From Original Evidence to Ordinary Epistemes
Authenticating the Knowledge We Live by
This contribution seeks to rekindle questions of authenticity. While the term continues to figure prominently in the realms of collective heritage, the tourist industry, and the branding of food and other items in modern consumerism, our concern with authenticity leads us directly to the efforts and effects of epistemic practice. These multiple modes of knowing and validating contingent knowledge claims can be analysed as matters of correspondence that pertain to a range of epistemic criteria. Starting our discussion on the multiplicity of authenticity with an ethnographic example from a fairly common context, we then move on to elaborate authenticity as an epistemic concept and illustrate it with the works of the four contributors to our workshop at this year’s DGSKA conference in Munich. Finally, we consider authenticity as the validation of knowledge claims in cases where the legitimacy of knowledge is negotiated, and the dissemination of difficult and even harmful knowledge is contested.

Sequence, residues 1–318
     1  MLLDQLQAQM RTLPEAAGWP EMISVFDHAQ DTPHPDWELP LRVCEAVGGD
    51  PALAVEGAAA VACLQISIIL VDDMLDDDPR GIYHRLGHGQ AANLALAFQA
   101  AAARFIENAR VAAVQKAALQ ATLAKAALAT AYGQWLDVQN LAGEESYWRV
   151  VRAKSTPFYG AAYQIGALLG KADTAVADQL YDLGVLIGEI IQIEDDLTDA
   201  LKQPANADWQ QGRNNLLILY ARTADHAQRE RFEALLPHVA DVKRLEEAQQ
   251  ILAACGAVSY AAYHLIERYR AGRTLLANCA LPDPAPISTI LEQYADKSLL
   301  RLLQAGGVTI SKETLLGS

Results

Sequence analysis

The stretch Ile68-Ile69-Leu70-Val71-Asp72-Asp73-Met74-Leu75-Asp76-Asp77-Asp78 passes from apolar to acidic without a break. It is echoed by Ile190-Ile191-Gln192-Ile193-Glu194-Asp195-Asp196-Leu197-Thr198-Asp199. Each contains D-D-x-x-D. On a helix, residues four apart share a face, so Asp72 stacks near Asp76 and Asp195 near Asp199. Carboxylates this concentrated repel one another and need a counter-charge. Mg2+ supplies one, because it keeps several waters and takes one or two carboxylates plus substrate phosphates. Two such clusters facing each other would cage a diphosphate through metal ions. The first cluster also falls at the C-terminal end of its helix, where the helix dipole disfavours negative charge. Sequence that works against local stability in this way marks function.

Entering the 2000-inhabitant village on the main road, visitors to Siruela are welcomed to the “winter capital of transhumance”. This is the caption on a sign attached to a monolith at the roadside of the municipality in the east of the Spanish region Extremadura, about 250 km from Madrid. The designation makes a strong claim about Siruela’s pastoral heritage that is corroborated by allusion to its role as the wintering area for transhumant livestock “since time immemorial”. During the most prosperous era of the Spanish transhumance in the Lower Middle Ages, millions of Merino sheep are said to have descended from the mountainous regions in the north to the large winter pastures in Extremadura, Castilla-La Mancha, and northern Andalusia. Another reason stated on the sign to declare Siruela the winter capital of transhumance is “the fact that the winter meetings of the Honourable Council of the Mesta have been held here since the year 1500”. Between 1500 and 1578, Siruela was indeed the venue of a total of 17 meetings of the powerful Mesta, the association of wealthy livestock owners from northern Spain controlling the processes of the transhumance business that was an important source of income for the Spanish Crown. On the other hand, historical evidence holds that the Mesta met twice a year, amounting to more than 150 reunions during the mentioned period alone. Could it be that the village slightly exaggerates the significance of its role in the Spanish transhumance?